Getting around the flicker of JavaScript modifying the DOM while the page is loading

When building things with progressive enhancement, I often want the page styled a certain way when JavaScript is on vs off. When you use $(document).ready() in order to modify your page, you may end up watching the page modify before your very eyes, and if you’re like me, wish you could find a way around it.

For instance, I might have portions of a form hidden by default unless the user clicks an option to expand it. My old method was to show it all by default, then using $(document).ready(), hide those options. The problem is that I would see a flicker as elements start appearing then disappearing on my screen.

Now I use this method:

<body class="nojs">
    <script>
      var bodyEl = document.getElementsByTagName('body');
      bodyEl[0].className = bodyEl[0].className.split('nojs').join(' jsEnabled ');
    </script>
    ...
</body>

So by default, my page has a nojs class. And a script runs immediately after to remove that class, and to add in a ‘jsEnabled’ class in its place. I can then do things in my stylesheet like this:

.conditionalContent { display:none; } // what I really want to happen
.nojs .conditionalContent { display:block; } // in case JS is disabled

This accomplishes the same thing as I was trying to do above (keep an element hidden by default if JavaScript is disabled, but show it by default if JavaScript is disabled) but without the flicker.

And then you also have an option to make use of .jsEnabled class in the stylesheet as well.

If you happen to have jQuery pulled into your site in your <head>, you can use this instead:

<body class="nojs">
    <script>
      $('body').removeClass('nojs').addClass('jsEnabled');
    </script>
    ...
</body>

If anyone’s discovered other methods of getting around this type of issue (like using Modernizr, or something else), I’d love to hear about it.

3 thoughts on “Getting around the flicker of JavaScript modifying the DOM while the page is loading

  1. This is a really useful technique and is something I use on every site I develop. I have a slightly different syntax, which adds the .js class to the html element instead of the body. I also include this before I link to any CSS. Although this might not be allowed by the spec, it’s something that is completely supported. The syntax I use is below:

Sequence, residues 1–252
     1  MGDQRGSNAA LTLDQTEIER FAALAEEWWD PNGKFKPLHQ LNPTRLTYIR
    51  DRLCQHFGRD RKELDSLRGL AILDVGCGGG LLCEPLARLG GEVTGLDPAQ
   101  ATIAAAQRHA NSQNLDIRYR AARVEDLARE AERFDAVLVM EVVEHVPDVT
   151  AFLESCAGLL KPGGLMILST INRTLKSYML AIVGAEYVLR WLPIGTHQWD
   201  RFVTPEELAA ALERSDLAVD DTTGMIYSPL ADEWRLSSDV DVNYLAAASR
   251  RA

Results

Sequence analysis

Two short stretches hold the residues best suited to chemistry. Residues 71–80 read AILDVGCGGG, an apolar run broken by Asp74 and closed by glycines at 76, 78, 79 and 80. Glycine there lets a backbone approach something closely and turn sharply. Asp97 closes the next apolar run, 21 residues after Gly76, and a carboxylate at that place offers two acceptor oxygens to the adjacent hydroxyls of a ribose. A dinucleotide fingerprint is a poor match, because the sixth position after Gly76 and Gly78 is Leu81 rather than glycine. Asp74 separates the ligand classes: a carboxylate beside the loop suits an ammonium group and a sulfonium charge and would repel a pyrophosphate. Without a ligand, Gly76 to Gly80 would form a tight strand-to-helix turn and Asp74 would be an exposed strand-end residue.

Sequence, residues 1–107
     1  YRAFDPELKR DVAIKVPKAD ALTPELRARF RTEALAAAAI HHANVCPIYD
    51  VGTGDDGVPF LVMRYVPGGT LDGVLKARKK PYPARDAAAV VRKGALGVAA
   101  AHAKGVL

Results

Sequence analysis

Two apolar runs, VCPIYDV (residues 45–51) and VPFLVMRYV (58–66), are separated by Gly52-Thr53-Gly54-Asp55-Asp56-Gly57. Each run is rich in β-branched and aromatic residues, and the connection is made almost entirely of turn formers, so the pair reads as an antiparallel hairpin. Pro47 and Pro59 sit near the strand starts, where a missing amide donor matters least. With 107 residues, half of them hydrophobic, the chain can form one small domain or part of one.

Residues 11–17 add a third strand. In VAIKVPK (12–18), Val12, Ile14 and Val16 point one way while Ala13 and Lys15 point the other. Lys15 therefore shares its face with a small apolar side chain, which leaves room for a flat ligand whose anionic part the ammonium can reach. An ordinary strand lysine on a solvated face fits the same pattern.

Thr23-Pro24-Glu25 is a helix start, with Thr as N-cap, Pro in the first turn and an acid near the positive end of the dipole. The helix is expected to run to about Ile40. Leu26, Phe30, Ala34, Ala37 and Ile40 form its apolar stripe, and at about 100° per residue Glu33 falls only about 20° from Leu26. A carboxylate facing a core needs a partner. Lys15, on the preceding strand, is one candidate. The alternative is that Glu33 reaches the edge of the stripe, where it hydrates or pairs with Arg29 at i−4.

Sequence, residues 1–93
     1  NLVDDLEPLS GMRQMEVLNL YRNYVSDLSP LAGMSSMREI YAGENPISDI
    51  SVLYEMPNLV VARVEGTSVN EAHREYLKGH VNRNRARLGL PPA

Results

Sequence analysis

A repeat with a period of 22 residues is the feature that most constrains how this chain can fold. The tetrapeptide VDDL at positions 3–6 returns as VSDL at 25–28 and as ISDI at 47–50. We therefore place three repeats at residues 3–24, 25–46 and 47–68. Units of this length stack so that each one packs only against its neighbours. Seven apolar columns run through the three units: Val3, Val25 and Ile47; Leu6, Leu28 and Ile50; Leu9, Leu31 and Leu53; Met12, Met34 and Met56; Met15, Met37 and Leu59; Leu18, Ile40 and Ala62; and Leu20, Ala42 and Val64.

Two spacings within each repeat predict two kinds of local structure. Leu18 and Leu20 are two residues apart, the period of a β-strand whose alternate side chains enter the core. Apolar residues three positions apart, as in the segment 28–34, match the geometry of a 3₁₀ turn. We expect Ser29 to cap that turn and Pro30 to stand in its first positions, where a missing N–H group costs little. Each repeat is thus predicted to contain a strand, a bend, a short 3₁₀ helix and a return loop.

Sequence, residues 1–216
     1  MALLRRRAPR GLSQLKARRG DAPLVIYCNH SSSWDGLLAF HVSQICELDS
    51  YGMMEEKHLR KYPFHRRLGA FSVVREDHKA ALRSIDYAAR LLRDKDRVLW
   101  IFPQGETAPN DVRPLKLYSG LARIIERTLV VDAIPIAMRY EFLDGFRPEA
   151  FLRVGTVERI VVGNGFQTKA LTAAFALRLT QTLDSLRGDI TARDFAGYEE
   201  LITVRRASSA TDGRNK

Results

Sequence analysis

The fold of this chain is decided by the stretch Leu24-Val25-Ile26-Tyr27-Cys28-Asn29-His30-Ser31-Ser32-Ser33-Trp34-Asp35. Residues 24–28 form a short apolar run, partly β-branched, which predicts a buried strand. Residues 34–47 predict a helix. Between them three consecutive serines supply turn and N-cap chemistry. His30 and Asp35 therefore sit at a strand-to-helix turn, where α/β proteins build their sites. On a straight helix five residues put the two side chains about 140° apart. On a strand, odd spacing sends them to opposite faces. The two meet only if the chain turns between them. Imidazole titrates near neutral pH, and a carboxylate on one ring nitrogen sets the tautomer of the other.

document.getElementsByTagName('html')[0].className += ' js';

    You mention Modernizr, which does exactly the same thing as you and I describe — it adds a .js class to the html (it also adds a plethora of other class names for you to hook on to). You include Modernizr in the head, someone gave me the following updated syntax, which only adds the .js class if Modernizr hasn’t already:

    if (typeof Modernizr === 'undefined') {
    var docElement = document.documentElement;
    docElement.className = docElement.className.replace(/(^|\s)no-js(\s|$)/, ' js ');
    };

    The only thing I would question with regards to your solution, is the methodology of your CSS, instead of styling the .nojs, I assume everything non-prefixed is with and without JavaScript, then I prefix the JavaScript-enabled styles with the new class.

    .conditionalContent { display:block; } // default state
    html.js .conditionalContent { display:none; } // when JS is enabled

    For me, this makes more sense. Firstly I think it follows the progressive enhancement idea (which I’m sure you’re doing) more closely). Secondly, it continues to work correctly if you don’t add the .no-js class / JavaScript added class, which means you follow best practice of making sure everything works without JavaScript first, before enhancing the project with JavaScript.

    Let me know your thoughts.

  2. Works great, thanks! Kicks in before Modernizr and solves any lingering flickering on elements that are hidden when enhanced.

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